When many adults need help with computers, tablets or smart phones, they ask their children. Joe Isaac’s children ask him, but they may have to wait their turn.
For two decades, Isaac has been a rock star among members of the Central Kentucky Computer Society — teaching classes, writing a popular blog and sending out regular emails with tips and tutorials to more than 400 fans.
Isaac is proof that you can be both a computer guru and a 90-year-old great-grandfather. He doesn’t understand why more older adults won’t take the time or effort to keep up with technology.
“I tell them it makes their life easier,” said Isaac, who keeps himself current by studying online tutorials. “They can get their bank balance, they can send emails. I wouldn’t know what my kids and grandkids and great-grandkids were doing if I didn’t get on Facebook!”
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Isaac, who is from Cumberland in Harlan County, moved to Lexington in 1957. He and a first cousin opened Burger Shake, the iconic fast-food restaurant on north New Circle Road that is now run by their daughters. Burger Shake is best known for posting its cheap burger price in big numbers on its sign.
“We started out at 19 cents,” he said. “Now it’s up to $1.23!”
Isaac, who also sold real estate, said the worst part of owning a business was calculating payroll.
“Then in the ’80s I found out there was a computer program that would do your payroll,” he said. “I bought it and we bought a computer.”
The more Isaac used computers, the more he wanted to learn. So he joined the Central Kentucky Computer Society, which was started by a group of local computer buffs in 1984 to “demystify technology.” Among the founders was David Reed, a former Herald-Leader journalist who created the first version of the newspaper’s website, Kentucky.com.
Isaac began taking CKCS classes in 1993, “and I got into it deep,” he said. Two years later, when Microsoft came out with Windows 95, the first major upgrade to its PC operating system, Isaac mastered it and started teaching classes for his fellow CKCS members.
One thing we do fairly successfully is convince newcomers it isn't as hard as they think it is.
Bob Brown, Central Kentucky Computer Society member since 1987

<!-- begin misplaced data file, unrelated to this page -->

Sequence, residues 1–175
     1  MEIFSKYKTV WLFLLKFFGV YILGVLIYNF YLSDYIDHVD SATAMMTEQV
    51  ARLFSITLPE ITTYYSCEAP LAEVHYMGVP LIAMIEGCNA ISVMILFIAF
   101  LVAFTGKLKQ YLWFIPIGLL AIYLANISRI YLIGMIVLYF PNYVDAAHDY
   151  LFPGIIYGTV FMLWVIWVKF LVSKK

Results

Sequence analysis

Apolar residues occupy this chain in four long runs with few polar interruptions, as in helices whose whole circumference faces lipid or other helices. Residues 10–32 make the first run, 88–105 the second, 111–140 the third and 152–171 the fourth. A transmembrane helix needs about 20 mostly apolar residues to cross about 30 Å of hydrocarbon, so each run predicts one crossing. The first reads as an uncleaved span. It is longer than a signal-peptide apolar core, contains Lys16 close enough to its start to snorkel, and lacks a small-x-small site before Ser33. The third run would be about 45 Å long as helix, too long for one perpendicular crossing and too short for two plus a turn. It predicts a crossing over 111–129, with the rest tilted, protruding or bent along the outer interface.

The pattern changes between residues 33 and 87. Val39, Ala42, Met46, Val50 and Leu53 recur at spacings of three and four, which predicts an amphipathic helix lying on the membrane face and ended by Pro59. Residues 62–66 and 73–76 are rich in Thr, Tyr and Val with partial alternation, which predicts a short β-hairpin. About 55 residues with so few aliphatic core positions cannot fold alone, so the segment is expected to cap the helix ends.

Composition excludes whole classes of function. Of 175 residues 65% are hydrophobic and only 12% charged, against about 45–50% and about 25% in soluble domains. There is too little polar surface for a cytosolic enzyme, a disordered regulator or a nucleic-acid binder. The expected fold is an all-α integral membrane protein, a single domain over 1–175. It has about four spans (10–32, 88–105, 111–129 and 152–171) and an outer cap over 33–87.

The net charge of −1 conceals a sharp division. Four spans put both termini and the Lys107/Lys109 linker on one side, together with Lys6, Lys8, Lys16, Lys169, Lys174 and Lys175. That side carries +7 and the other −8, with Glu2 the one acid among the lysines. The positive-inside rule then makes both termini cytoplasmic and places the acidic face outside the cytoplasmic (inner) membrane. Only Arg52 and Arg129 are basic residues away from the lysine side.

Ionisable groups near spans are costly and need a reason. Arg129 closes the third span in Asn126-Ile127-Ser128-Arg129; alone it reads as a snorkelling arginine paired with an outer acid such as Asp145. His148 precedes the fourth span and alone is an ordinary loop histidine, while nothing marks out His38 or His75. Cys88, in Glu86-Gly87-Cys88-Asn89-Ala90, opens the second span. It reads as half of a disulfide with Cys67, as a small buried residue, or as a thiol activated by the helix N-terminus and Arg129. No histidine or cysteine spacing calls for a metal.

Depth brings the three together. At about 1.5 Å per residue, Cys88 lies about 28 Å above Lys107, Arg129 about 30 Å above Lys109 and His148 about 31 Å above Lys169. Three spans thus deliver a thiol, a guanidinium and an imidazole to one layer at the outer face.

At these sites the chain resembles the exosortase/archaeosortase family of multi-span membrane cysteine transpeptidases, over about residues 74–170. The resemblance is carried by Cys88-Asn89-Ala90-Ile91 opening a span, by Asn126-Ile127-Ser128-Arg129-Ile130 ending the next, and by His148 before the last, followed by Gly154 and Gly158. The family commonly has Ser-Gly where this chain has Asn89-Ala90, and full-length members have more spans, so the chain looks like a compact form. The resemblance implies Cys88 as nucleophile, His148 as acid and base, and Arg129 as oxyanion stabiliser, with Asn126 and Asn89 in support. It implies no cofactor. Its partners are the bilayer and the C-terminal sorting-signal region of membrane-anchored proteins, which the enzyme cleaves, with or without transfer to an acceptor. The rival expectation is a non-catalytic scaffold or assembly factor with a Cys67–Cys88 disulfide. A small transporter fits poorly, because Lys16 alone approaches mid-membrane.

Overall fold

Isaac has been teaching ever since, and he is on Microsoft’s beta team that helps developers test each new Windows version.
“I don’t like to say this is my life’s work,” Isaac said. “But it’s close to it.”
CKCS is now signing up students for spring classes in a full range of subjects, including computer basics, word processing, Windows 10, digital photography and PaintShop Pro. Most of the hands-on classes, which are taught by an instructor and an assistant, run for two hours, one day a week for six weeks.
Tuition is $60 per class, and people who pay to become a CKCS member ($40 a year for individuals, $60 for a family) get a 20 percent discount. Some classes are live-streamed on the Internet for free. (For more information and class schedules, go to: CKCS.org.)
CKCS also offers periodic three-hour, $30 workshops and seminars on a variety of topics. Recent ones included Mac OS X El Capitan, Lightroom, Windows 10 conversion and digital photography for beginners.
The organization is non-profit and all-volunteer. Tuition and membership fees pay for classroom space at 160 Moore Drive and equipment, which now includes eight Windows-based PCs and five Apple Macs.
Isaac is one of several regular instructors. Digital photography workshops also have been taught by some of Central Kentucky’s best photographers, including Charles Bertram, John Snell and John Hockensmith.
The public is invited to a free monthly technology field trip. The next one is a tour of Lexington’s traffic management center, 101 East Vine Street, at 7 p.m. April 11.
CKCS has about 300 members, most of whom are older adults, said Joe Dietz, the organization’s vice president. Most join because they want to learn technology that will help them accomplish things: processing, digital photography, online genealogy research, Facebook and Skype.
“The number one thing is communicating with grandchildren who live far away,” said Bob Brown, a retired engineer and member since 1987. “One thing we do fairly successfully is convince newcomers it isn’t as hard as they think it is.”
CKCS is always seeking new members of all ages, interests and experience levels.
“Our biggest deficit is young people,” Isaac said. “Even my own kids! I say, ‘Why don’t you come over’ and they say, ‘If we have a problem we just ask you.’”
Central Kentucky Computer Society
160 Moore Dr., Suite 107